- For the Buyer: Possibility to payout more than required for the sale of an asset if performance is met. Another drawback is possibly creating a scenario where the owner needs to monitor metrics which were not fully monitored in the past.
- For the Seller: Lengthy paperwork and legal documentation needed to put in place a contract where performance is involved, increasing the cost of sale to the seller. Chance that earnout is not achieved and assets are sold at a discount.
When to Use an Earnout
An earnout is at the discretion of the buyer and seller of a business or other asset but a few scenarios where it may make sense can be found below.
- Buyer and seller cannot agree on price - using an earnout may allow the bridge to be created between asking and bidding price, an arrangement that would close the deal.
- Seller doesn’t want to sell - If the seller is hesitant on selling a buyer could use an earnout to grant a certain portion of sales of income over a set amount of time to entice them to sell.
- Buyer wants proof of concept - It is possible the buyer is not as certain about the operations of a business being purchased, and wants to mitigate some risk of its future operation with the seller.
What Factors Determine if an Earnout Should Be Used?
An earnout is typically used as a tool by a buyer or seller to move the deal forward in conversations, whether to purchase at a discount, entice an owner to sell, or prove the operations of a business will work for a buyer. These factors are up to the parties involved in the transaction.
When Should an Earnout Not Be Used?
It may not make sense to use an earnout if you are a seller and your future performance is at the hands of someone who may not be able to get the job done. This could be a less experienced owner, someone who doesn’t know the software, or someone with a reputation for losing employee trust.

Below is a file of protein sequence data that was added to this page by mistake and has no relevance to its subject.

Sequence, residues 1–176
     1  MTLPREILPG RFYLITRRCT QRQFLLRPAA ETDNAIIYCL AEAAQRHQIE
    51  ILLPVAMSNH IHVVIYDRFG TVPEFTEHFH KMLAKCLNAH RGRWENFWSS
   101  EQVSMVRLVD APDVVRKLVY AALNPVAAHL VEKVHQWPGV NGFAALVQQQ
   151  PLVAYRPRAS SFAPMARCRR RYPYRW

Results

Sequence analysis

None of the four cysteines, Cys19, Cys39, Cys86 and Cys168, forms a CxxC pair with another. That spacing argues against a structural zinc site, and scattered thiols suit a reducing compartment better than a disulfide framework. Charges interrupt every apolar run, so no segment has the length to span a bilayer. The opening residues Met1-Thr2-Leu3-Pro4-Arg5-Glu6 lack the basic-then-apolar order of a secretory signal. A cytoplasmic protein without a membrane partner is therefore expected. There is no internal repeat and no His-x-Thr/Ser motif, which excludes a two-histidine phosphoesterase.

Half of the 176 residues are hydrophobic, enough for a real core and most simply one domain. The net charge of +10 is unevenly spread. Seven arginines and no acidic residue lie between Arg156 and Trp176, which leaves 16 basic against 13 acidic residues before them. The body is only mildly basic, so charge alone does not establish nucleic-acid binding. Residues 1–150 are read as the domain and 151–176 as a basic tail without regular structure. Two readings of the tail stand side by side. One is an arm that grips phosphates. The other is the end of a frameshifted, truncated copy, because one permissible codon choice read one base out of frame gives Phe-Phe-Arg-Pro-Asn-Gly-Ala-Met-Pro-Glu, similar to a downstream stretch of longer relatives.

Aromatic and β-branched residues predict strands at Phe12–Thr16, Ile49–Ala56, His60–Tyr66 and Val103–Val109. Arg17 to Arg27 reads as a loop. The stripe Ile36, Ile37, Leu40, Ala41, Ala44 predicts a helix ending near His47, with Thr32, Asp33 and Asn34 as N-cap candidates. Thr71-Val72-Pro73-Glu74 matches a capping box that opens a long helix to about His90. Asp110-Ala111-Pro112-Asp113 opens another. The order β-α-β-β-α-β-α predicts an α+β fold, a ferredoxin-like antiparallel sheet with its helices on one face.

Because the seller is accepting risk in a buyer's ability to perform an earnout may not make sense if the wheel is being handed to a buyer they do not trust.
What To Look for in an Earnout Agreement
Earnouts are typically legal documents which should be drafted and reviewed by legal experts. While each earnout agreement is different there are a few items which you should expect to see:
- Financial metrics to be used if being used
- Non-financial metrics if being used
- Time period for the earnout deal
- How the payments are structured, whether it's all or nothing, or if the seller can expect some minimum
- Minimum and maximum payments if payment varies
- Accounting standard used to measure any metrics
Exploring Earnouts: Additional Information You Need to Know
What Is the Primary Objective of an Earnout?
Allowing a buyer and seller to reach an agreement on the sale of an asset when an initial agreement may not have been met.
How Do You Calculate the Amount an Earnout Should Be?
Each earnout structure is different and requires the buyer and seller to work together to determine how to calculate the earnout and at what amount.
How Is An Earnout Documented?
An earnout should be documented by a legal professional as a contract that is enforceable.
Earnouts can be useful tools for buyers and sellers; whether to purchase at a discount or ensure operational success before paying a full amount, buyers can expect a strong benefit from earnouts. For sellers this may be seen as taking more risk on, but if unloading an asset which no buyers are willing to purchase, an earnout offers an option to clawback some money in a sale by skillfully structuring a contract which will offer sellers more compensation.